In September 2004 Penguin asked me to produce a cover illustration for Lawless World
, a compelling account of how America turned its back on international law. The author - Philippe Sands - threw a spotlight on the abuse of detainees in Guantanamo Bay. Even then, it was old news: the first prisoners, arriving in January 2002, had been confined in exposed cages, sleeping on mats, deprived of sight, hearing and touch. More than five years later, despite repeated calls for its closure, nearly 400 men remain in detention without charge and without trial.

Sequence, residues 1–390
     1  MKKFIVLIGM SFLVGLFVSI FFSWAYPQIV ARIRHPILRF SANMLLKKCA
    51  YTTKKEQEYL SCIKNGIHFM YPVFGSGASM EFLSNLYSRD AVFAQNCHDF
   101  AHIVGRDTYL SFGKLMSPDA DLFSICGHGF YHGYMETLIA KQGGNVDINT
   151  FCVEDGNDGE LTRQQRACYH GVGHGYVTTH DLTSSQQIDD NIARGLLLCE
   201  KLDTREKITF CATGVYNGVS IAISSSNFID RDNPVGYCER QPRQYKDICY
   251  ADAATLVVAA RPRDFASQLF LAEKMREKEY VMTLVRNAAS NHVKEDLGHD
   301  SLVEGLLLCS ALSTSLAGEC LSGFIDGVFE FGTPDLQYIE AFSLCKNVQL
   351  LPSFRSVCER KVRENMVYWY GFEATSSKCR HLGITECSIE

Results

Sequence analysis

Amnesty International say that Camp Six, a new maximum security prison built at a cost of $37m has created "even harsher and apparently more permanent conditions of extreme isolation" which are "pushing people to the edge". In June 2006 three inmates hanged themselves, and this week a fourth - Abd al-Rahman al-Amiri - commited suicide. Michael Ratner, president of the US Center for Constitutional Rights, told the Associated Press the death was likely an act of desperation. "Five-and-a-half years of desperation with no legal way out."